CEO and Founder of Wingify by the day, startups, marketing and analytics enthusiast by the afternoon, and a nihilist philosopher/writer by the evening!

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6 Comments
Travis
July 5, 2011

“Let’s just say you get a 10% bump. Well… if you then roll that out into the other 5 products, you can count on a 10% bump on each of those as well… giving you a total of 50% in total increased conversions spread out throughout your site.”

That’s incorrect. A 10% increase in conversions across all products on your site gives you a total increase of 10%, not 50%. Perhaps #8 on this list should be “incorrectly interpreting results” ;).

Iris Isac
July 6, 2011

Great Post :) and I think I am guilty of Split testing blunder #4 :D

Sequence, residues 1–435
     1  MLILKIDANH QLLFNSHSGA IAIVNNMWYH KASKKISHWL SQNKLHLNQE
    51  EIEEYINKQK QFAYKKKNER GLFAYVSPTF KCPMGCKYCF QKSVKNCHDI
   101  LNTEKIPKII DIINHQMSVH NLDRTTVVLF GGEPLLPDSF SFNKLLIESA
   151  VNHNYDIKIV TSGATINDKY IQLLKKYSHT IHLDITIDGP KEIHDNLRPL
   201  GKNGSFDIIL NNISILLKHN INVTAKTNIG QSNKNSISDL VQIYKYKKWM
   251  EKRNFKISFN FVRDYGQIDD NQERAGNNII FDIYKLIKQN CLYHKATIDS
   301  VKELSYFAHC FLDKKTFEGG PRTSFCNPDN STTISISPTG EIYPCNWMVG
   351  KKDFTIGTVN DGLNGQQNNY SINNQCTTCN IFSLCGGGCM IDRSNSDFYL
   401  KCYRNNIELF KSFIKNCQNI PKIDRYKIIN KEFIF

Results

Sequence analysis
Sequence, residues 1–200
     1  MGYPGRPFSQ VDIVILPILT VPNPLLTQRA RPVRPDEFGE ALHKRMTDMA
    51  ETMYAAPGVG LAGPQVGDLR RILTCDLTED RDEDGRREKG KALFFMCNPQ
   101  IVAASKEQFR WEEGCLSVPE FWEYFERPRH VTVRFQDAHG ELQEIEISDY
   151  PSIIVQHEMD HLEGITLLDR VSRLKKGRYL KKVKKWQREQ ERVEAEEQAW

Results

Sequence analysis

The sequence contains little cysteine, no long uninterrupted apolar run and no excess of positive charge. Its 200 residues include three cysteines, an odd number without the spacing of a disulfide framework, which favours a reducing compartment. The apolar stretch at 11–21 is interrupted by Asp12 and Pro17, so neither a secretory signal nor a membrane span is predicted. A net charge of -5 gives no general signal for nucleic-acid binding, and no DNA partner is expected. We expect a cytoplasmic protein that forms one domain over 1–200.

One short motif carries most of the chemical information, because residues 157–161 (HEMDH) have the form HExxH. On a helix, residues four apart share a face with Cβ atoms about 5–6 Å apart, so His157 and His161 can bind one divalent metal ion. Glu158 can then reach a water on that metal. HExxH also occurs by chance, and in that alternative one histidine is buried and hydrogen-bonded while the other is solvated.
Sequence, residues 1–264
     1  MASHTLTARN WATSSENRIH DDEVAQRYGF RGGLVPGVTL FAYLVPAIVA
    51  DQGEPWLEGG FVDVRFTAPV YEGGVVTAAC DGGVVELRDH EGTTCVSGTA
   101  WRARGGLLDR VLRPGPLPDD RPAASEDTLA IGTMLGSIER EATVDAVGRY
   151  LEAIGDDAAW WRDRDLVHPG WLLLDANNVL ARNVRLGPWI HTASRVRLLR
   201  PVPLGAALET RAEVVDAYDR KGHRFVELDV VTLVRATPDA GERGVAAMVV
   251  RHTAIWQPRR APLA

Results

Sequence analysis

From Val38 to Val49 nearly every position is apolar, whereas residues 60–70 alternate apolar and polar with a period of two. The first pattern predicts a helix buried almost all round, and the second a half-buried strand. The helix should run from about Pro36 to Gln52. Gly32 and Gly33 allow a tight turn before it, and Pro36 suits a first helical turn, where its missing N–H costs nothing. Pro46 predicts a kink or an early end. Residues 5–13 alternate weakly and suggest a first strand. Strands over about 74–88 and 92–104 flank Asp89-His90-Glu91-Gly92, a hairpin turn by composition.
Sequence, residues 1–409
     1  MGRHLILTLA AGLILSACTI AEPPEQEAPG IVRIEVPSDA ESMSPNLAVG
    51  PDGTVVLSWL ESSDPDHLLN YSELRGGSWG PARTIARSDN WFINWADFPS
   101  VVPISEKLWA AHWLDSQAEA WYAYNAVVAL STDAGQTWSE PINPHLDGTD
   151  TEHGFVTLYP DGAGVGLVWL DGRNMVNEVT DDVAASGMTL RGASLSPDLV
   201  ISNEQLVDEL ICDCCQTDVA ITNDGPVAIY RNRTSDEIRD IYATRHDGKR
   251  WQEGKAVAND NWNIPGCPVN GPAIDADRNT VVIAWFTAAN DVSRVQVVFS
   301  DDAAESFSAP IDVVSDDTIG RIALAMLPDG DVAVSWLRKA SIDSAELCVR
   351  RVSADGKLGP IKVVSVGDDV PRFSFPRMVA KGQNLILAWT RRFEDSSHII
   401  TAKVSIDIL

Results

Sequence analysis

[...] Analysis By: Jeremy Reeves, Visual Website Optimizer [...]

Morten
July 15, 2011

Testing sucks yes, but it is so inportant if you want to have succes

Thanks, very good blog post

Lucy Spence
August 1, 2011

I have to disagree with the last part of point 4. In the majority of cases 50 conversions is still far to small to call a test. By the time you’ve factored in sample size and tolerance you’d have to have an enormous lift to justify calling any test that soon. As a rule of thumb I tend not to look at results until I have several hundred conversion on each variant. Most sites also get different behaviours on weekdays vs weekends so I’d suggest a minimum of a full week before declaring a result (unless something is going horribly wrong and you need to kill it).

Mogens Møller
August 6, 2011

I’m guilty in alot of 1 and 2, a little of 4 and way too much of 7 :-D

Thank you Jeremy and Paras for this fantastic post!